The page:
Learn to play the traditional music favorite “Shady Grove” using many of the techniques you’ve already learned. Steve shows you how to modify the bum-ditty pattern by just playing a single note instead of the brush stroke, and then he walks you through the melody of “Shady Grove” phrase by phrase, giving you a chance to play along with him as he goes. He also shows you how to add hammer-ons and pull-offs to the melody
So far you’ve been playing the bum-ditty clawhammer pattern with your thumb just playing the sixth string, but it can play other strings as well. In this lesson, you’ll learn to “migrate” your thumb to other strings, first with a version of “Shady Grove” in the key of A, where your thumb will play the fifth string (A), and then in G modal tuning (DGDGCD), a popular clawhammer guitar tuning that will not only make it easier to finger melodies but to use your thumb on different strings.
Learn how to play percussive slaps and left-hand filler taps. Using the version of “Shady Grove” in G modal tuning, Steve shows you a percussive slap that you can use in place of the brush in the bum-ditty pattern. Steve also shows you how to use a filler tap (a tap of a string with the left-hand) in the space between the “bum” and the “ditty” in the bum-ditty pattern, and where to use it in “Shady Grove.”
The old-time favorite “Cripple Creek” is one of the first tunes banjo players learn to play, and it makes a great clawhammer guitar tune as well. You’ll learn to play it in open-G tuning: DGDGBD. Steve shows you a slide and pull-off lick you’ll need to play “Cripple Creek” before walking you through a basic version of the melody. Once you’ve learned the melody Steve shows you a version with the thumb playing the third string and how to add a palm slap.
“Angeline the Baker” is one of the most popular tunes in traditional music. You’ll learn a version of the tune played clawhammer style in double-C tuning (CGCGCD). Steve walks you through his arrangement, showing you where to play the melody with open-string pull-offs and hammer-ons and where to play regular pull-offs and hammer-ons.
“Fly Around My Pretty Little Miss” is another old-time fiddle tune that sounds great played clawhammer style on the guitar. Like “Angeline the Baker” you’ll learn it in double-C tuning (CGCGCD). Steve takes it apart, phrase by phrase, showing you a few melodic options as he goes.
Stephen Foster’s beautiful melody “Hard Times” is a good tune to learn a form of clawhammer guitar that uses gentler strums, a sort of rake across numerous strings with the fingernail that produces a more chordal sound. Steve’s arrangement is in double-C tuning (CGCGCD) with some cool moving lines and chord voicings.
Learn to play the old-time ballad “Little Sadie” in G modal or “mountain modal” tuning (DGDGCD). Steve shows you the basic melody before showing you how to “bum-dittify” the tune, which just has one part. He also shows you a few things to spice up your arrangement, including playing different strings with your thumb, adding percussive slaps, and a cool octave bass lick.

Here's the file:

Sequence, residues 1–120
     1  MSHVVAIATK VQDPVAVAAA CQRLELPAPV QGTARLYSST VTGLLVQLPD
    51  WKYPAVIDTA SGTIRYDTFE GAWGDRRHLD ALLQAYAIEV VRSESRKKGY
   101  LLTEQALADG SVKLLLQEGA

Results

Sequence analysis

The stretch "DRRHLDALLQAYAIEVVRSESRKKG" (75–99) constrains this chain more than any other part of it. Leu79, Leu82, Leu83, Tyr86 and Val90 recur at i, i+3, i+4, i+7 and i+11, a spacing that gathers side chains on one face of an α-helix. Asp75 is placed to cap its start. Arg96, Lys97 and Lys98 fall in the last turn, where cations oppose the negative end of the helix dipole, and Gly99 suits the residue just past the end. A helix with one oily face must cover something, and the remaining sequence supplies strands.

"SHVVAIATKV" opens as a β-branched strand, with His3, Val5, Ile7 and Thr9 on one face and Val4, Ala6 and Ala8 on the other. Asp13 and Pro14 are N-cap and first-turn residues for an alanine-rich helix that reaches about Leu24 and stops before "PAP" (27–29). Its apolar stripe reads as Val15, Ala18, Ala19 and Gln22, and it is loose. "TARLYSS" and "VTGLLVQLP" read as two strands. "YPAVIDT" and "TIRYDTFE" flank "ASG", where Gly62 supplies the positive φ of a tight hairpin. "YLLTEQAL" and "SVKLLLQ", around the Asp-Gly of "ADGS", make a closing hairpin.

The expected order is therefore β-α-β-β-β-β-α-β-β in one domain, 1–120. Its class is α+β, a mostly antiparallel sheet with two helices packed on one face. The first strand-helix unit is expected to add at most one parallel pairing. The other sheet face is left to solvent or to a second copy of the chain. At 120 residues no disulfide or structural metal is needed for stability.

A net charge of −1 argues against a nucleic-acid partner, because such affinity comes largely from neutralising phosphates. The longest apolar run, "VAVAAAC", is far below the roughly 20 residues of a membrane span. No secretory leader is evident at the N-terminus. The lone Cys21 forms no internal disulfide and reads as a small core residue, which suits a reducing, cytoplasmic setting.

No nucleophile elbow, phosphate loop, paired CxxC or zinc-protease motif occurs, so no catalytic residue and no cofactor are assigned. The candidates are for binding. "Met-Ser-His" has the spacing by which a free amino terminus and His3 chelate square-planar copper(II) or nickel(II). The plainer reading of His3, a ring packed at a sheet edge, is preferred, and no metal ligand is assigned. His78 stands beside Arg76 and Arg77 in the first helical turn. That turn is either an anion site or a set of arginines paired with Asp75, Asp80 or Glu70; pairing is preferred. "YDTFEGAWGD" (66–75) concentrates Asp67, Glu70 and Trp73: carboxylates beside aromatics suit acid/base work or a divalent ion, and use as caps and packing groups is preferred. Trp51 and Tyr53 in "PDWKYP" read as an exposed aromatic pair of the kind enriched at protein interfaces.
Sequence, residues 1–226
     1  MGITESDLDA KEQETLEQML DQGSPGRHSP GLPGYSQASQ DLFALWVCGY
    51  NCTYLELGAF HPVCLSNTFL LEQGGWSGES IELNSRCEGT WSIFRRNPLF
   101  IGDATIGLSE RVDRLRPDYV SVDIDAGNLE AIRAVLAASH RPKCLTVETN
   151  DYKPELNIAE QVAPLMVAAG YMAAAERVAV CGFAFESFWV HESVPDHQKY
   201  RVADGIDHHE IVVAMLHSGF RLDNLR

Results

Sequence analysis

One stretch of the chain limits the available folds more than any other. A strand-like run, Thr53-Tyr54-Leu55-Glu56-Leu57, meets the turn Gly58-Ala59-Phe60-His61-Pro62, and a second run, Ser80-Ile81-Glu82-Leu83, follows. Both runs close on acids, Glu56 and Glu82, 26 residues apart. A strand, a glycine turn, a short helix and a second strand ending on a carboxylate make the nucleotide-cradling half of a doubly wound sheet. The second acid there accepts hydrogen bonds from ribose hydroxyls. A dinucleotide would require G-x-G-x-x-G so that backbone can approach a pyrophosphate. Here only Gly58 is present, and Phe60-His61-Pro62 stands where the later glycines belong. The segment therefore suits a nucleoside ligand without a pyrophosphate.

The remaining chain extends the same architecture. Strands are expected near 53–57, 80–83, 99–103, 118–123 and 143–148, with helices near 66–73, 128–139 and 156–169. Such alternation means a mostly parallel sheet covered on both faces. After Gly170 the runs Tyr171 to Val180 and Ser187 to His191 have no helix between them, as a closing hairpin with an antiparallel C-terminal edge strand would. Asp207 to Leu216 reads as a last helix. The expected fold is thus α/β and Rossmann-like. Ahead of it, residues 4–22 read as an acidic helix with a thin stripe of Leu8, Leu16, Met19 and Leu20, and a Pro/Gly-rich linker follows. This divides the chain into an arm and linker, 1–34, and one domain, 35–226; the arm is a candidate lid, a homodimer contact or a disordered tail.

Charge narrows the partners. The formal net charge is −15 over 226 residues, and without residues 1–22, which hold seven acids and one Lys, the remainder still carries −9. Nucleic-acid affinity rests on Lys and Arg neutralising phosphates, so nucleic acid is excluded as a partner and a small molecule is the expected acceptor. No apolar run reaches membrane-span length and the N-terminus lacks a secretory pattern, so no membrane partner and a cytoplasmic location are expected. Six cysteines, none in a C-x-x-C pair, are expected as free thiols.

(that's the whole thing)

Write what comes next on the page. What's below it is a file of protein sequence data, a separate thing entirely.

Steve’s arrangement of the traditional song “Reuben’s Train” is in open-D tuning (DADF#AD) and includes a lot of great clawhammer techniques. In addition to the basic melody of both parts, you’ll learn a few simple embellishments and variations you can add, like open-string pull-offs and percussive slaps.
In this second lesson on playing “Reuben’s Train,” Steve adds a number of variations, including one that sounds a lot like the great clawhammer banjo player Wade Ward’s tune “Peach Bottom Creek.” He also introduces some new techniques. You’ll learn “clawmonics” (in which you play the melody with 12th-fret harmonics), how to use a slide on the ring finger of your fretting hand, and more.
Learn the old-time banjo favorite “Cluck Old Hen” in double dropped-D tuning, in which you drop both E strings down to D (DADGBD). In addition to a basic arrangement of the tune, Steve shows you how to spice it up with clawmonics, double stops, harmony lines, and open-string pull-offs.
The American folk classic “Home Sweet Home” sounds great played clawhammer style in open-G tuning. You’ll learn a basic version as well as a variation on the second part that uses barre chords.
“Old Joe Clark” is a popular old-time and bluegrass tune. In this lesson you’ll learn an unusual Texas-style version of “Old Joe Clark” that comes from fiddler Howard Rains. Steve’s arrangement is in open-G tuning, and after playing it through a few times he breaks down the melody of both parts, showing you a few variations as he goes. He also shows you how you can move the thumb up to the top strings to give it a lighter, gentler sound.
There are a few different versions of the old-time fiddle tune “Brushy Fork of John’s Creek.” Steve’s version is in Orkney tuning (CGDGCD), which is like G modal tuning, but with the low D string tuned down to C.
The minor-key four-part tune “Falls of Richmond” comes from fiddler Edden Hammonds. Steve plays it in DADGAD tuning.